The other major policy issue that derailed the emergency [unemployment] benefits program was a proposal to curtail the joint receipt of unemployment insurance and disability benefits. Reid included a proposal from President Obama's budget to do that. Sen. Rob Portman, R-Ohio, had his own proposal, which he said would merely "[end] double-dipping between unemployment and disability benefits," and that it's "in the president's budget." As my CBPP [Center for Budget and Policy Priorities] colleague Paul Van de Water points out, however, the Portman proposal would go well beyond merely ending "double-dipping" and is far different from the president's proposal.
To receive disability benefits, an applicant must have a severe impairment that has prevented him or her from engaging in "substantial gainful activity," defined as earning more than $1,070 a month, for at least five months. In other words, it allows a recipient to work a modest amount, and thus be exposed to a job loss that would legitimately qualify the recipient for unemployment insurance.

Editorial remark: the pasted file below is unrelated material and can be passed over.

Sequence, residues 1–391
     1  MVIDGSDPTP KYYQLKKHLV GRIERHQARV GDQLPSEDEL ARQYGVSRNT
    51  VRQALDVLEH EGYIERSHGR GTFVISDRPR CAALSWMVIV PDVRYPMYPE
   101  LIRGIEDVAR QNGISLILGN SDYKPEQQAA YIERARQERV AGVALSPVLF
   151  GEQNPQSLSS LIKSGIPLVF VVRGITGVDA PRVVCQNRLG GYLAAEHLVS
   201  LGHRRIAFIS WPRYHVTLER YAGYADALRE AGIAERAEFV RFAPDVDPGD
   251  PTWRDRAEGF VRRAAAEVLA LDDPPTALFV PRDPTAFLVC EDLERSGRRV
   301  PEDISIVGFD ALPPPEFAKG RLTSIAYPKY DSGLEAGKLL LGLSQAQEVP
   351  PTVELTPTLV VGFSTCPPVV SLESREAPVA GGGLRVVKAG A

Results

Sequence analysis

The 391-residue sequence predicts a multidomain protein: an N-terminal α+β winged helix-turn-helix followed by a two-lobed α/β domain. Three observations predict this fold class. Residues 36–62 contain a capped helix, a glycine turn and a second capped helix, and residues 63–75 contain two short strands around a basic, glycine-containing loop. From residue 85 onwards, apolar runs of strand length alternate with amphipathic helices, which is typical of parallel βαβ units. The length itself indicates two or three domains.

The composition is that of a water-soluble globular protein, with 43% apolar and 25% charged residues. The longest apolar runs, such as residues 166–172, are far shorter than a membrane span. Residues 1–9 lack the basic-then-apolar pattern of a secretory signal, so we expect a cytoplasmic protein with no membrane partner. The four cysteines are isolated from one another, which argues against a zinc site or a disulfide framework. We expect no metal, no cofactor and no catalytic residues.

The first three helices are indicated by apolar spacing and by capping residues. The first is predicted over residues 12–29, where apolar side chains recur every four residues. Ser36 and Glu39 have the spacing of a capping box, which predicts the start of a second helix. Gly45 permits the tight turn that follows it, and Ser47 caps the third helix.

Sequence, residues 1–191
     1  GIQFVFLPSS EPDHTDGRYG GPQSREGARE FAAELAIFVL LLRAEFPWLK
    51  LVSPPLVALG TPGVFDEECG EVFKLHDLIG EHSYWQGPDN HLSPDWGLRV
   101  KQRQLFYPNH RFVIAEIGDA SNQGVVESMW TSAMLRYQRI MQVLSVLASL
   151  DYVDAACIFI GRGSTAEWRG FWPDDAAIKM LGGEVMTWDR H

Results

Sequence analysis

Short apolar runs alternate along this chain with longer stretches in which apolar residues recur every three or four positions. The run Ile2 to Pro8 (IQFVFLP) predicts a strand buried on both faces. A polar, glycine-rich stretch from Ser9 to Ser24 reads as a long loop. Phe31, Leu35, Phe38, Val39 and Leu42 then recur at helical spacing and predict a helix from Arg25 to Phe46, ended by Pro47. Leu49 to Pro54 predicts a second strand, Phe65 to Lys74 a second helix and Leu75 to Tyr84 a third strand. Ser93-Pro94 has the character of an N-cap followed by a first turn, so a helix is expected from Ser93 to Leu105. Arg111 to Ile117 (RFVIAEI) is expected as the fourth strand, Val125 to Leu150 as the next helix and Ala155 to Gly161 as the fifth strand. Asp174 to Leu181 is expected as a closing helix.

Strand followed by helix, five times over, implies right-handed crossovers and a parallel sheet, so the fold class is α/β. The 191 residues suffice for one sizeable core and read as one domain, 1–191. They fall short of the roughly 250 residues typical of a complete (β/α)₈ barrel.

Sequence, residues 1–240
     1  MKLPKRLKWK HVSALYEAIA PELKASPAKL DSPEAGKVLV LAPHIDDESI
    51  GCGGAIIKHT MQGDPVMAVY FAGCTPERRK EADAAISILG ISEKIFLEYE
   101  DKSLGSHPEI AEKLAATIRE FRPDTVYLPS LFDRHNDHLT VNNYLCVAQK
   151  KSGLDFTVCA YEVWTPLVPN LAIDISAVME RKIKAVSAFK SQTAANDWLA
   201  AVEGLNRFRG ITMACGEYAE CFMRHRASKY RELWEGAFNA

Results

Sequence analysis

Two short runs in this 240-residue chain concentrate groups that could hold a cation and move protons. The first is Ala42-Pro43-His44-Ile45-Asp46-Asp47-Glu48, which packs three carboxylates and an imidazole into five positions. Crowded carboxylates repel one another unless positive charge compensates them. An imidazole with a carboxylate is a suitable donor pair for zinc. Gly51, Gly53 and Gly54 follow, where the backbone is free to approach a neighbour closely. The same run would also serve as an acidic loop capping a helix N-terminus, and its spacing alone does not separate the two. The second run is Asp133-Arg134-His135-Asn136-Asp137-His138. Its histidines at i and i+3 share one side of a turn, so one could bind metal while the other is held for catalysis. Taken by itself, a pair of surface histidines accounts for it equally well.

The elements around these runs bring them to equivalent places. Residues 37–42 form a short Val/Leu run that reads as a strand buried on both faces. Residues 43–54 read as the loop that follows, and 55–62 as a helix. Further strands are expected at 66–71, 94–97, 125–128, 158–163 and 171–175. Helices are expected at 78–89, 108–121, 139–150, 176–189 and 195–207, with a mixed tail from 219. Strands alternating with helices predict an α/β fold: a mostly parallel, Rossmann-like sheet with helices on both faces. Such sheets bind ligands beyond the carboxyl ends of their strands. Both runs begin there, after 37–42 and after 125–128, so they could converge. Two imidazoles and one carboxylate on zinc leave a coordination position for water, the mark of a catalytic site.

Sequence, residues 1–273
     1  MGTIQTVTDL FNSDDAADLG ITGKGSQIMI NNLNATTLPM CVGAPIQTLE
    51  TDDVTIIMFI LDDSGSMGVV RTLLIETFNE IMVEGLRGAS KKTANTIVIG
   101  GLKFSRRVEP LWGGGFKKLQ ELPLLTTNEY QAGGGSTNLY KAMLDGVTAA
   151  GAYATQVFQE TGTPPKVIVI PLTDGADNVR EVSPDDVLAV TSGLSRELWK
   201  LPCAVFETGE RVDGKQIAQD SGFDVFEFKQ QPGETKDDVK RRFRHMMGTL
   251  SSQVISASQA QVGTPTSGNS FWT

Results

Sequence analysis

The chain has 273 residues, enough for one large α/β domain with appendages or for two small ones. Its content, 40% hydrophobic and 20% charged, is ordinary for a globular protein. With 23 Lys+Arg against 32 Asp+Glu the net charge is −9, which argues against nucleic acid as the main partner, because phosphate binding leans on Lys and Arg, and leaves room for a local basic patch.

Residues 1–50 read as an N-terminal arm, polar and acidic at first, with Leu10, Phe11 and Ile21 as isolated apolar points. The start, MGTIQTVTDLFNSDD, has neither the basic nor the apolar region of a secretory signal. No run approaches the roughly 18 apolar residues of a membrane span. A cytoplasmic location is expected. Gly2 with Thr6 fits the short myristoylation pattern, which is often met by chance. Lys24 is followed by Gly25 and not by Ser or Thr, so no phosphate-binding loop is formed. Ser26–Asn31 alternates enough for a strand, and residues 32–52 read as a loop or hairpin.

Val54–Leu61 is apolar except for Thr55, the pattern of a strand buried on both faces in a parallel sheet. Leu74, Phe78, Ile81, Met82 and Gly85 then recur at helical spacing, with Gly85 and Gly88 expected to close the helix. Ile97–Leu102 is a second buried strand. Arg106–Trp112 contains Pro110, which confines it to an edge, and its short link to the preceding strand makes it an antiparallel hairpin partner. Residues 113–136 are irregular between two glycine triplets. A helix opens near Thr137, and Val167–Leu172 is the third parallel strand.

The Portman proposal would define receiving unemployment insurance as a substantial gainful activity that, as Van de Water explains, would not only prevent people from receiving both benefits simultaneously – what Portman calls "double-dipping" – but would also delay eligibility for both disability and
Medicarefor some people with serious disabilities and hasten benefit losses for others.
The Reid/Obama proposal is quite different from Portman's – and far preferable. It would eliminate "double-dipping" by reducing disability benefits dollar-for-dollar by the amount a person receives in unemployment benefits. In effect, a person who was legitimately eligible for both sets of benefits could receive the higher of the two – but not both.